After the discovery that Tesco Value burgers contained horse and pig DNA, consumers were left reeling as yet more family favourites turned out to contain up to 100% horse meat. Earlier this week, a third-party French supplier alerted Findus to concerns that the beef lasagne product did not “conform to specification”.
The Food Standards Agency (FSA) said Findus had tested the meat in 18 of its beef lasagne products and found 11 meals in which it contained between 60% and 100% horsemeat. The company has withdrawn the meals and reiterated its apology.
The FSA said it was “highly likely” criminal activity was to blame for the contamination.
Trading Standards services are working with the Food Standards Agency on a response strategy that will result in local authorities identifying and inspecting all food premises that are processing or repacking beef products within the UK to protect consumers.
Andy Foster, TSI’s Operations and Policy Director said:
“The discovery of horsemeat in processed food products at such high levels suggests deliberate fraudulent activity not accidental contamination. We are working very closely with the Food Standards Agency to respond to the crisis and all Local Authorities are being encouraged to identify food premises in their boundaries that might pose a risk and take whatever action they feel necessary to protect consumers. This may include audit trails, documentation checks or sampling.
“While this is not a safety issue, this is a clear case of consumers paying for something and not just getting something else they are getting a product which would repulse most UK consumers. As consumers we put a lot of trust and faith in the food manufacturing sector to produce food that is safe and meets its description, this is a gross betrayal of that trust.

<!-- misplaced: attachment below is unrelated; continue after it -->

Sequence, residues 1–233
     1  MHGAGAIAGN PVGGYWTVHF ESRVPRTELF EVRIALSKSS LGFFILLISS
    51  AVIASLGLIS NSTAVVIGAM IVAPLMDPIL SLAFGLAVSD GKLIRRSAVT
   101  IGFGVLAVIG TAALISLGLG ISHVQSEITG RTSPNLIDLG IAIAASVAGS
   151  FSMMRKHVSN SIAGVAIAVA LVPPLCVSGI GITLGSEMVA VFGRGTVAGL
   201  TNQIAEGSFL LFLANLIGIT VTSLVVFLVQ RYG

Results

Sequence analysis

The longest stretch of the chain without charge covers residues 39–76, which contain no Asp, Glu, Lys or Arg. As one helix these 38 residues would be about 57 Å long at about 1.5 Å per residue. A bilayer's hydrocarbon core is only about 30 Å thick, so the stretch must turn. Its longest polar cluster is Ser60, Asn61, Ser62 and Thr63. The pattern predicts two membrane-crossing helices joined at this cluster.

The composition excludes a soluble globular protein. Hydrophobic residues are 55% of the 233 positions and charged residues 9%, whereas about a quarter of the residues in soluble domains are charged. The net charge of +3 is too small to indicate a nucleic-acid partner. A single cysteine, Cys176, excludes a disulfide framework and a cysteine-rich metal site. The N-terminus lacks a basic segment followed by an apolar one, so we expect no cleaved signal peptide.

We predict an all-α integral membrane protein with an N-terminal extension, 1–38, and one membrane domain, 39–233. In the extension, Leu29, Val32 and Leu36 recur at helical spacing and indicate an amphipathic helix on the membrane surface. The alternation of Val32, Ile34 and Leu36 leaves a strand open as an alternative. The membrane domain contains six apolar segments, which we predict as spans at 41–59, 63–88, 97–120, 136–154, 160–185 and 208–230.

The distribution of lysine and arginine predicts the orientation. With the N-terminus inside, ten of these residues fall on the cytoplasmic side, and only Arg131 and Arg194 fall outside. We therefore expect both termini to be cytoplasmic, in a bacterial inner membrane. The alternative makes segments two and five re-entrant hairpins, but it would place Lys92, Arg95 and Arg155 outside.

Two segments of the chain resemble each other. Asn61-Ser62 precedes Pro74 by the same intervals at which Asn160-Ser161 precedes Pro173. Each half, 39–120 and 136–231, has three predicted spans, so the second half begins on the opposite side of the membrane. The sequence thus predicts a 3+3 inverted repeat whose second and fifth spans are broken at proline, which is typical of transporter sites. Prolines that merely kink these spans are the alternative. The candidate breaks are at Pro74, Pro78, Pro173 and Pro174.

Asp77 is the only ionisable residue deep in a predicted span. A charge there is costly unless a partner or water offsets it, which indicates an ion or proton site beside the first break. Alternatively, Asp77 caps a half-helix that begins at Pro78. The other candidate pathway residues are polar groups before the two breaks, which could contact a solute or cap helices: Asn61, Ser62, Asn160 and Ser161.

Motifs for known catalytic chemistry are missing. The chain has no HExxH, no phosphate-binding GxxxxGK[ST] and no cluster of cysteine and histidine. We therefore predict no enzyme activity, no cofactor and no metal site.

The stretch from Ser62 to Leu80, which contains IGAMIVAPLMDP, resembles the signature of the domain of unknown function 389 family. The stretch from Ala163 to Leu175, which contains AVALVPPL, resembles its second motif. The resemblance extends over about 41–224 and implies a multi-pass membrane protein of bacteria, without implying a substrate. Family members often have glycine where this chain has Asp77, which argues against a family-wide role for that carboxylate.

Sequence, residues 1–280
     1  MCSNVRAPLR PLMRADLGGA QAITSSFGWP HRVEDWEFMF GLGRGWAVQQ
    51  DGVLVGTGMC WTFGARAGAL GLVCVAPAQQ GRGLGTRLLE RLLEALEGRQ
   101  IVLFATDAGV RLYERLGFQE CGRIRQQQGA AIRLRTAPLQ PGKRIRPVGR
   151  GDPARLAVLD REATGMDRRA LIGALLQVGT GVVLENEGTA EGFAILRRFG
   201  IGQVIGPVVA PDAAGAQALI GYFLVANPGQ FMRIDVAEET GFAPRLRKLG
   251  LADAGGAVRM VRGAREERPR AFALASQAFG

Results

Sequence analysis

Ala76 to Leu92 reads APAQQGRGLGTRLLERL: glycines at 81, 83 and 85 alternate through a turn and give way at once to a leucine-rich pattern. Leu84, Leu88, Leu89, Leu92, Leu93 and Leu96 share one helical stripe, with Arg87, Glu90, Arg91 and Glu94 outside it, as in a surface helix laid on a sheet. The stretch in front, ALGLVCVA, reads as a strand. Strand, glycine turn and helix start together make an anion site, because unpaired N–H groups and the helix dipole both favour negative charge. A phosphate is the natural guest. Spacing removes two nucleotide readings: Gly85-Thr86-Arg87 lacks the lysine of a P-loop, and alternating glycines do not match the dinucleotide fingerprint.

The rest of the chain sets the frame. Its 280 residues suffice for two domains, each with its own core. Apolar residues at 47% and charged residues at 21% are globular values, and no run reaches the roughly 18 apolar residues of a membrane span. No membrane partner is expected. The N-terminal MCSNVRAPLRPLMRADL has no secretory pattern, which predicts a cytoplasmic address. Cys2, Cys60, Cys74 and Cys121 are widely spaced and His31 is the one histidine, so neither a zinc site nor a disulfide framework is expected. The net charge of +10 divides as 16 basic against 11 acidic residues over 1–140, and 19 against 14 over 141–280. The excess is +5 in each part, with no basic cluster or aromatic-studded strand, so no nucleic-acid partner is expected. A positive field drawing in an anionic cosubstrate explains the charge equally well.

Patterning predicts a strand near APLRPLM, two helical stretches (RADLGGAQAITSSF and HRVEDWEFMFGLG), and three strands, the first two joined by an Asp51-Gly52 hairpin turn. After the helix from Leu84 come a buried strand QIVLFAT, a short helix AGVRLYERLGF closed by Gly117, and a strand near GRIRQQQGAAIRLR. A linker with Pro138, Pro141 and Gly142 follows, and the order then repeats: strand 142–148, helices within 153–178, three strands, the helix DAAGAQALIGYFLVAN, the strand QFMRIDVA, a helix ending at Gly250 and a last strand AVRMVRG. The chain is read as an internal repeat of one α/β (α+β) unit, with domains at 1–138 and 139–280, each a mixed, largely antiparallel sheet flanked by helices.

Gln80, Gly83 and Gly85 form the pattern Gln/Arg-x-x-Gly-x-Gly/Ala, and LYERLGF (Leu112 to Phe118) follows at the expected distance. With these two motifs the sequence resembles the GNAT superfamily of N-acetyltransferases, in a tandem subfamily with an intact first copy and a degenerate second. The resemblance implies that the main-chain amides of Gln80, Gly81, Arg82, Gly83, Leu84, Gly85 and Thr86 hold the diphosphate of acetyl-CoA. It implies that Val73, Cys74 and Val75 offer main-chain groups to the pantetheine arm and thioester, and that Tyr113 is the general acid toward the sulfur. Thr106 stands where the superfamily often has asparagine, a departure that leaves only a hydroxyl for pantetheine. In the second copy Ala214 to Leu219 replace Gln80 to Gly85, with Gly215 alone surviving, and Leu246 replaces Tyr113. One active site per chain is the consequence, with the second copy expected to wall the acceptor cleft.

“When this is over the food manufacturing sector will have to look very hard at itself and do whatever it needs to do to restore faith and trust back into the food chain that has been inevitably drained through this scandal.
“Trading Standards Officers and the Food Standards Agency will be doing all we can to locate and remove any food that is affected once that is done we will ensure action is taken against those who are responsible.”
Jenny Morris of the Chartered Institute of Environmental Health said:
“Environmental Health Officers will be working very closely with trading standards colleagues to provide a coherent response to this crisis of confidence. We would echo that we do not believe this to be a food safety issue but would encourage any consumers who are concerned with anything they have bought to return them to the retailer concerned.”
Consumers have been urged by the Food Minister, David Heath, not to throw away frozen meals unless told to. “The FSA says there is no reason to suppose there is a health risk and therefore the advice is to carry on with normal shopping habits until you are told otherwise,” he told the BBC.
However the Food Standards Agency complicated matters by suggesting anyone who has a Findus Beef Lasagna should return it to retailers as a precaution.
“This is a very serious issue. The evidence we have about the two cases, of the significant amount of horse meat in burgers and lasagne, points to either gross negligence or deliberate contamination in the food chain. This is why we have already involved the police, both here and in Europe.
“We believe that these two particular cases – the frozen burgers from Tesco and the lasagne from Findus – are linked to suppliers in Ireland and France respectively. We are working closely with the authorities in these countries to get to the root of the problem. Our priority remains to protect UK consumers. People have been asking whether it is safe to eat any frozen meat products at the moment. There is no reason to suspect that there’s any health issue with frozen food in general, and we wouldn’t advise people to stop eating it.
“In the particular cases of the Findus lasagne and the Tesco burgers, they have been withdrawn from sale. Anyone who has them in their freezer should return them to retailers as a precaution. In addition to the widespread testing we are doing, we’ve instructed the industry to urgently carry out its own tests on processed beef products to see whether horsemeat is present.”
Meanwhile consumers are urged by shop local groups to buy their meat from a good quality local butcher. This Ipswich Spy author bought meat for a week at my local Ipswich butchers, to a higher quality than I would get from Tesco and it was cheaper as well.